Blooming Charity.

Book Review for “A Pink Front Door” by Stella Gibbons.

Summary: “James’s gesture with the key was cautious because he was not always sure of who or what he would find in the hall when he got in. It might be someone in tears, or someone asleep while they filled up time waiting to catch a train, or someone drunk. James Muir has reason to be cautious about entering his own home. His wife Daisy just can’t resist solving everyone else’s problems. There’s Delia Huxtable, a young unwed mother, and her daughter Evelyn (‘my illegit’), Molly Raymond, who falls far too easily in love, Tibbs, an Eastern European refugee, and Daisy’s old school friend Don (‘The Hulk’) and his family, for whom Daisy commandeers her neighbour, Mrs. Cavendish’s top floor. All watched over, reluctantly, by Daisy’s father, a retired Army man, her elderly cousins Ella and Marcia (the latter a Dame thanks to her World War I service), and the long-suffering James-not to mention her young son James Too (“That white thing? I thought it was a parcel. She drags that child around too much.”) But when Mrs. Cavendish decides to enslave Don’s wife to replace her lost servants and Molly turns her affections on James, Daisy is forced to re-think her priorities.”

Age: Adult; Genres: Literary Fiction, Women, Coming-of-Age; Settings: Contemporary, United Kingdom, London; Other Categories: Novel, Vintage, Re-Release.

A Pink Front Door

As an introduction, you should know that this novel was first published in 1959, but has been out of print for some time. However, that’s all in the past since the lovely Dean Street Press decided to re-release it. Gibbons is probably best known for her debut novel, “Cold Comfort Farm” which won the Femina Vie Heureuse Prize for 1933, and garnered her being called the 20th Century’s Jane Austen. This much later novel has been called “one of Stella Gibbons’ most delightful and perceptive social comedies.” Now, I can’t attest to the latter, since this is the first of her books I’ve read, but I can easily see why they’d say the former. In fact, if I can make this comparison, I would say that this novel could be likened to “Emma meets Persuasion.” You see, our protagonist Daisy is as much of a meddler as Emma was, and there are quite a few changes in personal financial status in this story among most of the characters, which is a prominent aspect of Austen’s latter novel.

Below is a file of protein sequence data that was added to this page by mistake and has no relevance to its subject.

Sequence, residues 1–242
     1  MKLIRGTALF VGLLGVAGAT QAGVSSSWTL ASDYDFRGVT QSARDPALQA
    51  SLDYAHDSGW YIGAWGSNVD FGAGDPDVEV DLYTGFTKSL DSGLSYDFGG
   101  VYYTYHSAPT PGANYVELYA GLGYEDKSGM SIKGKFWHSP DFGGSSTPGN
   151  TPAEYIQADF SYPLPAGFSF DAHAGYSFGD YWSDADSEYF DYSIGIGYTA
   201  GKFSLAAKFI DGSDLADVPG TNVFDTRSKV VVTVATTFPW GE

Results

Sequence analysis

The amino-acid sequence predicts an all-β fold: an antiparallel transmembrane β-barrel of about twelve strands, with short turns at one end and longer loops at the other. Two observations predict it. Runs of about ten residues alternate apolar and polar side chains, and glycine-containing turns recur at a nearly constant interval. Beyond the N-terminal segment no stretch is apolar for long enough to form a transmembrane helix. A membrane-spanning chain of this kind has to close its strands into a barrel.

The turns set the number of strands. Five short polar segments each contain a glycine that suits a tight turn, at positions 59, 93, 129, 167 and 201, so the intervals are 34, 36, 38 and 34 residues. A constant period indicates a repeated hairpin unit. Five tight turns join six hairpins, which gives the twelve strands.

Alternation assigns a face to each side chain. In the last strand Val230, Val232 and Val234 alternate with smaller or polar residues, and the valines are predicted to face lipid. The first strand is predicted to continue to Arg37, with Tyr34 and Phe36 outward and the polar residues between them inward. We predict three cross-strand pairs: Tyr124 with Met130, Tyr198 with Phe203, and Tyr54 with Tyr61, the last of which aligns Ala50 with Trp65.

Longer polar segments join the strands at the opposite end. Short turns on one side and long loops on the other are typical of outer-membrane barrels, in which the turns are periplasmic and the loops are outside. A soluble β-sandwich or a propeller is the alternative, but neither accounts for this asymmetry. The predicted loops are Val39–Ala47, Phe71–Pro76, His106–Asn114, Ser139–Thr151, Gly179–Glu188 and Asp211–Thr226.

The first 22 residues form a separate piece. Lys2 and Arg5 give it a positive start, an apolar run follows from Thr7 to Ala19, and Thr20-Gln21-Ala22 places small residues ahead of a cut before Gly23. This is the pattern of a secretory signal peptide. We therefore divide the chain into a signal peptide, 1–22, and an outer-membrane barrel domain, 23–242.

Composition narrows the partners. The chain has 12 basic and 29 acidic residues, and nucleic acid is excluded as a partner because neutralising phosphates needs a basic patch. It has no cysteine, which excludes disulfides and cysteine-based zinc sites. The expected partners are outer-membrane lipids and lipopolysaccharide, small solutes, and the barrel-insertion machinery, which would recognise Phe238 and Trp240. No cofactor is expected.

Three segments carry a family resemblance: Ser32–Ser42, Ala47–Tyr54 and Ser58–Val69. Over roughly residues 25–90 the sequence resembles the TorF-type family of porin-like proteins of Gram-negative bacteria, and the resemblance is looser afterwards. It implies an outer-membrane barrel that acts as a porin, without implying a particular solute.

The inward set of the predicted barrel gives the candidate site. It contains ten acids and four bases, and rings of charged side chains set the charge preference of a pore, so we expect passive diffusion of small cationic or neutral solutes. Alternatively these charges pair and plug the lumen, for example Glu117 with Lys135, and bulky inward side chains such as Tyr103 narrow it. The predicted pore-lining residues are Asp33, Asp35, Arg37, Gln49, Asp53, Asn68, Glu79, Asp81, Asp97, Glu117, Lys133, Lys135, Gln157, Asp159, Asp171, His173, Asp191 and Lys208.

Of course, the financial status of these people, is quite pronounced here, and especially interesting because we’re not talking about anyone who is terribly poor nor terribly wealthy. Gibbons brings us to London at a time where things are changing drastically. They’ve suffered two world wars, and since the austerity of the last one had mostly faded, its impact seems to increasingly grow. For example, Gibbons touches on things like how society looks at unmarried women, who are neither from the aristocracy nor from among the poor, working classes. Here is a world that has a growing middle class, made up of people who were both born into it, as well as those from the other classes whose mobility (both upward and downward) brings them into this widening circle. This is something that happened in the late 50s and early 60s where the large gap between the rich and the poor from before the two World Wars seemed to begin to fill up with more people in the middle.